Q&A: What are seborrheic keratoses?
Dear Mayo Clinic: I have brown spots over the top half of my body, which my doctor says are seborrheic keratoses and are harmless. What causes them, and is there a way to prevent more from appearing?
A: Seborrheic keratoses are a common skin issue, particularly in older adults. Although they don't pose any health risks, these skin growths can be mistaken for a potentially more serious problem, such as skin cancer. Therefore, patients often seek care from a dermatologist when seborrheic keratoses develop.
Seborrheic keratoses usually appear as brown, black or light tan growths on the face, chest, shoulders or back. They have a waxy, scaly, slightly elevated appearance. Some people develop just a single growth, while others have clusters of them.
In most cases, seborrheic keratosis first develop in later adulthood, often after age 50, and they usually become more numerous with age. They occur in men and women equally, and the condition tends to run in families.
It's not clear why seborrheic keratoses develop, although genetics seem to play a role for some people. They don't appear to be related to sun exposure or other environmental factors, so there's no obvious way to prevent their appearance and growth.
Seborrheic keratoses do not turn into skin cancer, even after several years, And they don't raise your risk for developing skin cancer or other skin problems. They are not contagious. Typically, the lesions aren't painful, but they may itch. Be careful not to rub, scratch or pick at them, though. This can lead to bleeding, swelling and, in rare cases, infection. Depending on their size and location, seborrheic keratoses can become irritated or bothersome. If that happens—or if you would like to get rid of the growths for cosmetic reasons -you can discuss options for removing them with your health care provider.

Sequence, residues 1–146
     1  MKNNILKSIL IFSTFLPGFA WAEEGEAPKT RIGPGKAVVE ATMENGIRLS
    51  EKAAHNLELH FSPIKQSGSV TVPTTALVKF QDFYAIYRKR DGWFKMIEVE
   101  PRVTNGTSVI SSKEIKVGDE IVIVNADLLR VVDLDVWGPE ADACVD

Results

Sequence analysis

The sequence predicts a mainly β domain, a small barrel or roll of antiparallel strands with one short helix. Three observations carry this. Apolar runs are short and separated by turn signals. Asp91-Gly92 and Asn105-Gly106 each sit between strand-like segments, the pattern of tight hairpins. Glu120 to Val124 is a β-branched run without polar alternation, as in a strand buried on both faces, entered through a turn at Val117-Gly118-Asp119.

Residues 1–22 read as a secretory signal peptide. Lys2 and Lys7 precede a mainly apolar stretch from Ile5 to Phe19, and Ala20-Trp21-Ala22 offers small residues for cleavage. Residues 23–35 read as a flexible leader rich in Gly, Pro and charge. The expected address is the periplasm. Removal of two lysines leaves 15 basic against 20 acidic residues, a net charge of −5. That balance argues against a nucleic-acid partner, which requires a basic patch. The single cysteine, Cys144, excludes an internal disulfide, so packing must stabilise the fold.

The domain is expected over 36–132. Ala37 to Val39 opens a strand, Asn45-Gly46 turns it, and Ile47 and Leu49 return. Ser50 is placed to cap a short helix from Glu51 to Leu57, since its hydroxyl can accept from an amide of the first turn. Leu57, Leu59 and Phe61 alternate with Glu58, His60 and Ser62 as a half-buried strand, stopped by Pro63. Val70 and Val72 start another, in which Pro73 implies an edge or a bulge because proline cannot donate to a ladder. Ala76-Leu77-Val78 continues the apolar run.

Several removal methods are available, including freezing the growths with liquid nitrogen—a procedure known as cryosurgery. Cryosurgery can be effective, but it doesn't always work on raised growths. And after the growth heals, the area of skin treated may be lighter than the surrounding skin. For thin or flat growths, a special instrument with a sharp blade can be used to shave the growth off the skin. That technique is known as curettage. An approach called electrocautery also may be effective. It uses an electric current to burn off the growth. Laser treatment can be used to remove seborrheic keratoses, as well. In some cases, a combination of these techniques may be most effective.
There is one prescription drug approved by the Food and Drug Administration for topical treatment of seborrheic keratoses. This medication, a form of hydrogen peroxide, needs to be administered in your health care provider's office, and the cost is not covered by most insurance companies. But it is a safe treatment alternative for people who want to eliminate seborrheic keratoses and who prefer not to use the other removal techniques.
Most of the time, seborrheic keratoses don't require treatment. If you notice many growths developing over a short period of time, however, or if you see any suspicious changes in the seborrheic keratoses or in other areas of your skin—such as sores or growths that grow rapidly, bleed and don't heal—see a dermatologist. Those could be signs of a more serious skin problem that requires evaluation.
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